Apple patents touchscreen unlock gestures
Apple has been granted a patent on unlocking a smartphone or tablet using a touchscreen gesture.
The application, which was filed in June 2009, covers a range of commonly used techniques including swiping and pattern entry.
As well as on the iPhone and iPad, such systems are built into Google's Android and Microsoft's Windows Phone 7.
The patent is likely to become another weapon in Apple's arsenal as it continues to sue rival manufacturers.
Devices using the Android operating system have been the focus of particularly aggressive litigation.
Apple co-founder Steve Jobs believed that the product was a rip-off of iOS and vowed to "destroy" it, according to his recently released biography.
To date, his firm has waged a largely proxy war, targeting companies such as Samsung and Motorola which use Google's software.
As a result, Samsung is currently banned from selling its Galaxy Tab 10.1 in Germany and Australia.
Samsung has launched a counter offensive, claiming Apple has infringed technology patents which it holds.
However, on Wednesday, an Italian court turned down Samsung's application for an interim injunction on sales of the iPhone 4S in that country.
Both sides are now expected to submit further evidence.
Apple's patent - US patent number 7657549 - states: "A device with a touch-sensitive display may be unlocked via gestures performed on the touch-sensitive display.
"The device is unlocked if contact with the display corresponds to a predefined gesture for unlocking the device."
The text of the patent is broad and would appear to cover a number of the technologies used by Google and Microsoft in their handheld devices.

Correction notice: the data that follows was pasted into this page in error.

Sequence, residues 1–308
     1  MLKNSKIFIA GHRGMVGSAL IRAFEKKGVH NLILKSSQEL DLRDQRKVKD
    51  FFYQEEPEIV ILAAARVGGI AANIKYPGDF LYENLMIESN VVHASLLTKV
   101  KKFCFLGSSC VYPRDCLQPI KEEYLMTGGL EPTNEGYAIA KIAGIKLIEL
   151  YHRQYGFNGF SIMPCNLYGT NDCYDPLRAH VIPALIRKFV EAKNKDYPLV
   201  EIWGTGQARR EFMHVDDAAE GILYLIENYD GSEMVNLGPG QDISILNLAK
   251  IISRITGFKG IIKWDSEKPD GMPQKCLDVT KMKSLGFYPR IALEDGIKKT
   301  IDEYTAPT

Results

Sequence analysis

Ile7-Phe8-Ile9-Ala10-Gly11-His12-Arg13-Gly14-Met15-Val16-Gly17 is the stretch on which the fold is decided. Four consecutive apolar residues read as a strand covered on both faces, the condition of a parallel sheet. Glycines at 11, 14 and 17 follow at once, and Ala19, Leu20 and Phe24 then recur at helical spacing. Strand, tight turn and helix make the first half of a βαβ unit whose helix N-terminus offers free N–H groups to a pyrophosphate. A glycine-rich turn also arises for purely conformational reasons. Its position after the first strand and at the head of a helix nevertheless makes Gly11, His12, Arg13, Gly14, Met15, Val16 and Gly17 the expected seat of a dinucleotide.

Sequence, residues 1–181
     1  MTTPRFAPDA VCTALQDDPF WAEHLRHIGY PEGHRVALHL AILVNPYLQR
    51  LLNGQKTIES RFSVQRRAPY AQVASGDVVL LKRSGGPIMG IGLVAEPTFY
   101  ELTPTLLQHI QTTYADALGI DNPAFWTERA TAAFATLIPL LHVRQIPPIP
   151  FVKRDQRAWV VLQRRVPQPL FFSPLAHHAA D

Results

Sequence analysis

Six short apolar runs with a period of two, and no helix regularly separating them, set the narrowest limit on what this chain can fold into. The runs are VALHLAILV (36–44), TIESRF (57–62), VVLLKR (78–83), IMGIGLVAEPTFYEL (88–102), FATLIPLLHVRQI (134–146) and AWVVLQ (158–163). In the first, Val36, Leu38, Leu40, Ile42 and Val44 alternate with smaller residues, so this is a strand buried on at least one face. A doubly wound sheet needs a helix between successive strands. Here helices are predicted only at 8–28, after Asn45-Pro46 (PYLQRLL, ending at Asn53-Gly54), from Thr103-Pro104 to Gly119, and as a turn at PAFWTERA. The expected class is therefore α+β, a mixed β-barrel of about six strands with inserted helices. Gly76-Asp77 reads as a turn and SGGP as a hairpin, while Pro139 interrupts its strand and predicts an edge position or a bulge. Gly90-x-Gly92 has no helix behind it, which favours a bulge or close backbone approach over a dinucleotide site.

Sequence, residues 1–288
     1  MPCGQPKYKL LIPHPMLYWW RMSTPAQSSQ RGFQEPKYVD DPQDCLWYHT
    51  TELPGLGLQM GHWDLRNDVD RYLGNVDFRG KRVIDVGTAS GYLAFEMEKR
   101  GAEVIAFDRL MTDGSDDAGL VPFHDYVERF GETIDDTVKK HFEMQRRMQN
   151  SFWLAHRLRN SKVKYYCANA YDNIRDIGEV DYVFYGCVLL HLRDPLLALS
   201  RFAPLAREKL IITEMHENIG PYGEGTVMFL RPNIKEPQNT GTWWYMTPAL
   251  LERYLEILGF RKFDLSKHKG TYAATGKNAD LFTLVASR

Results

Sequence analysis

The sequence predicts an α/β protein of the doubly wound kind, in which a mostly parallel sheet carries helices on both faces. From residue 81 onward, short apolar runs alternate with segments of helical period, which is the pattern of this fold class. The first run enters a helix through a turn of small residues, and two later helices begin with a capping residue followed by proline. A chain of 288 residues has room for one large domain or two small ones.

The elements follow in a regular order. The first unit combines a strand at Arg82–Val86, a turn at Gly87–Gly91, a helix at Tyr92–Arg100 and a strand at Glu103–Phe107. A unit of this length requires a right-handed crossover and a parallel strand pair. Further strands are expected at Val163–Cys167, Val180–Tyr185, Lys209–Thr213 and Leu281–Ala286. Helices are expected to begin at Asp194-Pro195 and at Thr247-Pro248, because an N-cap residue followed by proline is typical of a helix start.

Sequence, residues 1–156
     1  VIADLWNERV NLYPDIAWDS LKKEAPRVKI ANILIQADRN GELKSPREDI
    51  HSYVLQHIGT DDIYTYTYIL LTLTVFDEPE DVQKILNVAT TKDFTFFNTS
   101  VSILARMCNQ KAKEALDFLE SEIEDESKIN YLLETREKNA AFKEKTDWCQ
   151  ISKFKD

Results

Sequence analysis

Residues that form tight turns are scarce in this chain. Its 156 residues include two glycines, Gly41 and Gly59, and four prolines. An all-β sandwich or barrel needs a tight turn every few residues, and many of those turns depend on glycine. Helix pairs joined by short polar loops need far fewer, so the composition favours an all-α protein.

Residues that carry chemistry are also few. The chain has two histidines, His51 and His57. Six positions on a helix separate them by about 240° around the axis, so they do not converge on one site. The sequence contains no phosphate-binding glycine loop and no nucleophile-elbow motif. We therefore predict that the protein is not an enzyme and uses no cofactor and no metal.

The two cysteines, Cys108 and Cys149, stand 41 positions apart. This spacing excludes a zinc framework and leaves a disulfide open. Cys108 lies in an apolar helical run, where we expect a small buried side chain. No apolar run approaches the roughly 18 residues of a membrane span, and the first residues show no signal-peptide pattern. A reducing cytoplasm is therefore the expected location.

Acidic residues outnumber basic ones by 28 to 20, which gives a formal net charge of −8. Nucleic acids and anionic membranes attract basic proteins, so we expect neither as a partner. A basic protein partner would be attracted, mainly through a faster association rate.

However, that did not necessarily mean that Apple would be able to exert its will, according to Silas Brown, an intellectual property solicitor with London-based law firm Briffa.
"Often you will have situations where patents are argued through long and hard to get to registration, but when they are challenged there is a counter action to claim that the patent shouldn't have been granted."
Mr Brown explained that such patents could be invalidated for a number of reasons, including being too broad, too simple or "obvious" in the current technological context.
In Europe, software cannot be patented in its own right. But Apple may still have a case, according to Mr Brown, if the function of unlocking was shown to materially improve the performance of the hardware.
"[Apple's] argument would be more in that direction - that this is an invention which has an effect on hardware, for example security," he said.
Determining that, would likely mean more work for lawyers and specialist engineers.
"The question would go down to a technical analysis and people who are experienced and knowledgeable in respect of this particular type of technology," said Mr Brown.